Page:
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2013 - 05 - 27
Singapore - 28 May 2013 – One of the biggest ever surveys into sexual satisfaction in Asia-Pacific revealed today the intense levels of distress and frustration that premature ejaculation ("PE") causes men and their partners. Results showed the impact climax control has on relationships and why men and women are not seeking help.
The study report, which can be accessed at www.controlpe.com, was conducted by Kantar Health and commissioned by international pharmaceutical company Menarini. Over 3,500 men and women across nine markets, including Australia, mainland China, Hong Kong, South Korea, Malaysia, the Philippines, Singapore, Taiwan and Thailand, were surveyed.
Menarini Asia-Pacific Chief Executive Officer, John A. Graham said: "This survey reveals the true impact that sexual satisfaction has on relationships in the Asia-Pacific region. It's disquieting to see that so many couples face frustration with their sex life. More importantly, the survey also shows the depth to which premature ejaculation affects couples, both on the personal and relationship levels."
Quantity matters, so does quality.
Three in four people in Asia-Pacific want to be more sexually active. Moreover, sexual satisfaction is similarly important with two in three respondents (67 per cent) believing that mutual sexual satisfaction plays a very significant or extremely important role in a successful relationship.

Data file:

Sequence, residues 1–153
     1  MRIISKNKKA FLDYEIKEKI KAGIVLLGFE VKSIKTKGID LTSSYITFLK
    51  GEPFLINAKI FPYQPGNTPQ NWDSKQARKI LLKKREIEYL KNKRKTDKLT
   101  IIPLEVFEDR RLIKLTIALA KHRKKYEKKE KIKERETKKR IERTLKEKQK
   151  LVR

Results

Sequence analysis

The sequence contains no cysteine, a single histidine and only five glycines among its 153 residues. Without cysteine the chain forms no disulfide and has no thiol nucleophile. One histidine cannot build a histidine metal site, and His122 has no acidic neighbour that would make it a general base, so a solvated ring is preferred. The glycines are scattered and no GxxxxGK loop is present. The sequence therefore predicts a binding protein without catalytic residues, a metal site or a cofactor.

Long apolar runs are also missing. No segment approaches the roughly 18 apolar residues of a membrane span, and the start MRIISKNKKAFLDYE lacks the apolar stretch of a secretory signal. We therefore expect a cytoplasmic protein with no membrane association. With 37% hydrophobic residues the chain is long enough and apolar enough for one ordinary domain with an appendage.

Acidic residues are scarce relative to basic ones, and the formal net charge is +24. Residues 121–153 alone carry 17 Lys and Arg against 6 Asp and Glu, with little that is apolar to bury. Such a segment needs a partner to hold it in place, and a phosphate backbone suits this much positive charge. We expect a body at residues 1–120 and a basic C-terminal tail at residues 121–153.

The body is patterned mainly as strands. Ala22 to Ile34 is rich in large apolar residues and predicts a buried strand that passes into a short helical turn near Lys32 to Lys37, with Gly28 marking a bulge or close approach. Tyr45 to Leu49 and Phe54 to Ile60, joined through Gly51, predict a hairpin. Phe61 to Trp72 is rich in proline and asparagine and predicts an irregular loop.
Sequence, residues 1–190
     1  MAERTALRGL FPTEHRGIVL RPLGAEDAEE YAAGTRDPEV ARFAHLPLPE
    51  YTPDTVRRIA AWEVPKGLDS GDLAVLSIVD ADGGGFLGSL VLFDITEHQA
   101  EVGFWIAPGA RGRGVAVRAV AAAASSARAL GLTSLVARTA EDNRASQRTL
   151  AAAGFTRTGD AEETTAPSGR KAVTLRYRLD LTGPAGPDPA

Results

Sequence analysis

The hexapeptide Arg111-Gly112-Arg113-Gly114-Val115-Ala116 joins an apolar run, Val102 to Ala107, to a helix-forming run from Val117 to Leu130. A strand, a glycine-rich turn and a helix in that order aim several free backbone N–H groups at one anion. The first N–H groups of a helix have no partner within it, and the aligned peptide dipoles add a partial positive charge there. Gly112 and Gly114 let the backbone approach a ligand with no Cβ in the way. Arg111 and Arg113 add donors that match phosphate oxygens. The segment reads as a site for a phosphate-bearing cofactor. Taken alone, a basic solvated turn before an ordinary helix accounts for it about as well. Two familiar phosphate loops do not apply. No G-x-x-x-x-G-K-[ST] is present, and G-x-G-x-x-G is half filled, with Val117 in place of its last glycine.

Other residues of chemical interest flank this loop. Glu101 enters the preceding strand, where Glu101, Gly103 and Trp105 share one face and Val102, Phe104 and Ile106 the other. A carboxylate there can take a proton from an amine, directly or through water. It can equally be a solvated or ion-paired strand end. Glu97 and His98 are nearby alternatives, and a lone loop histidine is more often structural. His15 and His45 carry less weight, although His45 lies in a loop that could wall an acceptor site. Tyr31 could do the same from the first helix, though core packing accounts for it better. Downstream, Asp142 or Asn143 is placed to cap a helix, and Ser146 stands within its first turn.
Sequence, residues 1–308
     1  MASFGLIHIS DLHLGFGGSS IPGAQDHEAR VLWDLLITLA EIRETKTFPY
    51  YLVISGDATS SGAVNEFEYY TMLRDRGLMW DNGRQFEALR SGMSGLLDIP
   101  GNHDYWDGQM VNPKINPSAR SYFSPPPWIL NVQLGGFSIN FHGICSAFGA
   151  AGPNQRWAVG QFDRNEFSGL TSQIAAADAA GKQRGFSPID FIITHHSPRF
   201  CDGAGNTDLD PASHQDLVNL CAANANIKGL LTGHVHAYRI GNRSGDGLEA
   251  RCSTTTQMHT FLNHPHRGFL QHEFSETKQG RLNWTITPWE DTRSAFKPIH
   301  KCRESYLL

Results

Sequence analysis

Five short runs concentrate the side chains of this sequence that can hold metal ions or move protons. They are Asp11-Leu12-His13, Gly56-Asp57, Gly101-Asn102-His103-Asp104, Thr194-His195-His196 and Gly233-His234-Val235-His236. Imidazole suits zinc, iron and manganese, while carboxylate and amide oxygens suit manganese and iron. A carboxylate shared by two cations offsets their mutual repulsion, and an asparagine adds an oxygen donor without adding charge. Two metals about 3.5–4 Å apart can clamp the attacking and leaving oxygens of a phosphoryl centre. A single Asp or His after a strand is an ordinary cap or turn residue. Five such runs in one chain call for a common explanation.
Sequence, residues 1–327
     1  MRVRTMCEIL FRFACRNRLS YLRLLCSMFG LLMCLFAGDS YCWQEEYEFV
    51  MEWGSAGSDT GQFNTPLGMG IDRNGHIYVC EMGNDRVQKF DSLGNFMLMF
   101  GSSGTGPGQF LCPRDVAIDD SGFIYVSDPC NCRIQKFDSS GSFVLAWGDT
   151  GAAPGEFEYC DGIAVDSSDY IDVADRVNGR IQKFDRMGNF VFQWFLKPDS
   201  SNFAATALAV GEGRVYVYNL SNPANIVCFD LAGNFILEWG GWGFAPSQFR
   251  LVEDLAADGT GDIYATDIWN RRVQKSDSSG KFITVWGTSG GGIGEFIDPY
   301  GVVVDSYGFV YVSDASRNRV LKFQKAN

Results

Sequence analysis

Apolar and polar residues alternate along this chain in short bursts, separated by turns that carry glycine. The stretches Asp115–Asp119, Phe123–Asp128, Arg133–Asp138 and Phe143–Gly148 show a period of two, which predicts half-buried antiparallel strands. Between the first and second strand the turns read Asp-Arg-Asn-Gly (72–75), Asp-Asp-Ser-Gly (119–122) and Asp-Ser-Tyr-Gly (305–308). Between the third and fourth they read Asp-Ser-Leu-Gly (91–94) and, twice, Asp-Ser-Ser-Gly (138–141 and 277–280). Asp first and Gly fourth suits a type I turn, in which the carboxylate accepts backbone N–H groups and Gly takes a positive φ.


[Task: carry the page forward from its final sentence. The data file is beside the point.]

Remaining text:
Couples' sexual and relationship health are severely impacted by premature ejaculation – the most common sexual dysfunction in men.
The survey reveals that premature ejaculation is a highly prevalent medical condition in the region with nearly one in three men in Asia-Pacific experiencing some form of PE as diagnosed by the Premature Ejaculation Diagnosis Tool (PEDT).1
Among respondents who reported PE, 30 per cent of men and 40 per cent of women said that it causes them to avoid sex completely.
Within relationships, 44 per cent of those couples said that PE caused them to grow apart from their partners. In the worst cases, 15 per cent of men and 14 per cent of women said that PE could lead to actual relationship breakdown or divorce.
Breaking the silence over premature ejaculation – experts stress the importance of opening up to your partner.